Many merchants still dismiss the importance of providing great mobile experiences for their e-commerce shoppers. This isn’t generally due to a lack of awareness that surfing the web from mobile devices is commonplace, but rather, a misinterpretation of analytics data.
Many merchants will say that their traffic and/or conversion rates on mobile devices are relatively low, and therefore determine that mobile shoppers shouldn’t be a core focus for them. However, this can not only be a self-fulfilling prophecy, it can be an outright fallacy.
Mobile Friendliness Makes All the Difference
In regards to traffic, it is important to be aware that the mobile friendliness of your website can directly impact the traffic that you attract. Search engines such as Google use your mobile friendliness to help impact your search engine rankings.
If the user experience on your website is sub-par, they’re less likely to send mobile visitors to your website. Google has even released a free simple test that you can run to see how your site performs according to their standards. In this report, you’ll also see feedback on factors related to loading speed, which is important to all users but especially those on mobile devices who may be in wifi, or a 3G connection through their wireless service provider.
If your site won’t load efficiently, Google is less inclined to promote it within its organic search engine results. Systems like Google AdWords, for those running paid ad campaigns, look at similar factors and use them to determine the Quality Score (QS) of a web page. Google has a vested interest in sending traffic to pages that users will appreciate. Otherwise, they risk frustrating users, who may start to avoid ads, hurting Google’s bottom line. So a poor mobile experience can wind up costing you visitors or limit the numbers of visitors that you receive. This can lead to a false narrative, where you don’t realizing the potential traffic that you could earn if you provided a better mobile experience.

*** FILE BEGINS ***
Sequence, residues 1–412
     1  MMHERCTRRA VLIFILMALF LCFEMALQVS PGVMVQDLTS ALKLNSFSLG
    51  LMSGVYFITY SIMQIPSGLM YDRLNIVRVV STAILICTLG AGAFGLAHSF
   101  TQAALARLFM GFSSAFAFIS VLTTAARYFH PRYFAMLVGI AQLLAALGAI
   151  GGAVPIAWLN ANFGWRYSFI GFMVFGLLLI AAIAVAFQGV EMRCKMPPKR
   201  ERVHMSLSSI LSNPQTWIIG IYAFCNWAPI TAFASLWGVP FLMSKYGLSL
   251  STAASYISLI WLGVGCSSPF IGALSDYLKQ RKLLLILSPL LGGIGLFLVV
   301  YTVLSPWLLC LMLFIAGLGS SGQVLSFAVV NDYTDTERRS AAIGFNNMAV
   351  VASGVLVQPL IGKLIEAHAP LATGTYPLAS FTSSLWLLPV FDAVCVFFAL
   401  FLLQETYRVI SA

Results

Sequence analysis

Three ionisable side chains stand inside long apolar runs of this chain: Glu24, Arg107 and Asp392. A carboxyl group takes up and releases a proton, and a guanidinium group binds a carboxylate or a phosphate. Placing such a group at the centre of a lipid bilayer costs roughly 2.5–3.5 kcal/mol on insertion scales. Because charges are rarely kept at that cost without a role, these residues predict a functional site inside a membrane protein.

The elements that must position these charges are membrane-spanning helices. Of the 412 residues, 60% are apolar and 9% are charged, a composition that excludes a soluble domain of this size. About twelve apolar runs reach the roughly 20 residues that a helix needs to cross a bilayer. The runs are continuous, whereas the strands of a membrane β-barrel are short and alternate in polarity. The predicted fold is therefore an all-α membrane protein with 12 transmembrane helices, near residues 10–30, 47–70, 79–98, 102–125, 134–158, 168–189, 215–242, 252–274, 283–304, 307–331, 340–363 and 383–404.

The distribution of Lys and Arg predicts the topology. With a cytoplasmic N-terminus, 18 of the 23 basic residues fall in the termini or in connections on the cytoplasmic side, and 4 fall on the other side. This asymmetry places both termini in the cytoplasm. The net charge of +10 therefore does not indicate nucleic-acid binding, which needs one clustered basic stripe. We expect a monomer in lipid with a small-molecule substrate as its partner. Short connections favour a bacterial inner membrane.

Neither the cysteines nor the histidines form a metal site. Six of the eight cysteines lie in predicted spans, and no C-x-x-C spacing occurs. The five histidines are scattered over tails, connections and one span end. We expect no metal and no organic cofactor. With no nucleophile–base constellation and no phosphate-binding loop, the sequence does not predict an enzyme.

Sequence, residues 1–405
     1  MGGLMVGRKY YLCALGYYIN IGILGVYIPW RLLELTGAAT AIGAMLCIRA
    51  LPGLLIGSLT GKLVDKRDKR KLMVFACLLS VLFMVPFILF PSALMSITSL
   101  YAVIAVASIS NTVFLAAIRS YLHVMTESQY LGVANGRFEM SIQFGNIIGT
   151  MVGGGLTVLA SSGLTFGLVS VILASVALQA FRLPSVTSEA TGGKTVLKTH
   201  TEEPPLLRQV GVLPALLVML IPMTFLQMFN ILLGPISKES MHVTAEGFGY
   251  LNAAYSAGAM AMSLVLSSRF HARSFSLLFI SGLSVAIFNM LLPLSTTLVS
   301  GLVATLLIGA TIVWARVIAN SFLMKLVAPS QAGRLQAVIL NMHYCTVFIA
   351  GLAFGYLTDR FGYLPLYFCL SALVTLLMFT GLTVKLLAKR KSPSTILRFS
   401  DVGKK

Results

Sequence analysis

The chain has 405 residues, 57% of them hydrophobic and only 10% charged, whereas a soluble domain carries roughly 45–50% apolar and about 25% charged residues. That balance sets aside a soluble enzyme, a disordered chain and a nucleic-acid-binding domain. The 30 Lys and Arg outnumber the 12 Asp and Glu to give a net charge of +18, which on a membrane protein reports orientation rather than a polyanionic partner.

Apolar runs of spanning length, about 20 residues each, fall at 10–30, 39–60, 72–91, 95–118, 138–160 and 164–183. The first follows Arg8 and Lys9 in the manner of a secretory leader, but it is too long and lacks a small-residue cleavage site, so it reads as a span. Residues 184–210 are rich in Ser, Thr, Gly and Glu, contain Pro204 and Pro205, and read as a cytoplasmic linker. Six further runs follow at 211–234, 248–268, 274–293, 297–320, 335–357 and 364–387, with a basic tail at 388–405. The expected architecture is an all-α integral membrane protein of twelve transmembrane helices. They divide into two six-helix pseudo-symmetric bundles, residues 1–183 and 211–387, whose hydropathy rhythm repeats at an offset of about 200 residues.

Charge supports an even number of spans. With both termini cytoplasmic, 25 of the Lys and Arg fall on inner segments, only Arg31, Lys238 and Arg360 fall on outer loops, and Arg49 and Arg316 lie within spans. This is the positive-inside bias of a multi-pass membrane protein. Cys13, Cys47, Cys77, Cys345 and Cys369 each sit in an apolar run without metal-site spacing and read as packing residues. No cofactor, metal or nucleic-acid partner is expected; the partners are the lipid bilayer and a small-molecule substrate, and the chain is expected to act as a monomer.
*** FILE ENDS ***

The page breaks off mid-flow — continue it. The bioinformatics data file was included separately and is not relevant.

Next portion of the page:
Remember: It’s About the Journey
However, traffic is only one part of the story. The more overlooked topic when looking at mobile conversions is attribution. When most merchants review sales data, they look at last-click attribution. In layman’s terms: which actions immediately preceded a sale.
What they neglect to look at is the more comprehensive journey that the shopper took before making that purchase. While a consumer may have placed an order using a desktop PC, that doesn’t mean that they didn’t first interact with your site from a mobile device. Both B2B and B2C shoppers are likely to conduct research from a mobile device, whether in a taxi, in a boardroom, waiting for lunch, or on their couch. As will all things in life, first impressions matter.
For most e-commerce sites, it’s rare that a shopper makes an instant purchase when they first browse a website. Understanding the customer journey and how you might be losing shoppers early in the sales funnel, is crucial in understanding your long-term conversion rates.
If you were to look at a more holistic data set, you may very well learn that your shoppers often start on one device, and complete a purchase from another. Platforms like Google AdWords have added in features related to cross-device conversions, helping you to better understand how mobile is impacting sales.
According to Google’s own published statistics: “Six in 10 internet users start shopping on one device but continue or finish on a different one…”
Once you have a clearer picture, it becomes much easier to make good decisions. For instance, if mobile shoppers are switching to a desktop device to check out, it’s probably because it is either more convenient or because they feel safer doing so.
There are ways of improving not only the layout and speed of your site to be more mobile-friendly, but the checkout experience as well. For example, you might offer payment methods that allow shoppers to check out using a credit card on file with Amazon, PayPal, Apple, or a similar trusted service.
Given the shifting marketplace and evolving consumer demands, how should e-commerce and brand marketers view omnichannel marketing? Download our whitepaper to learn more.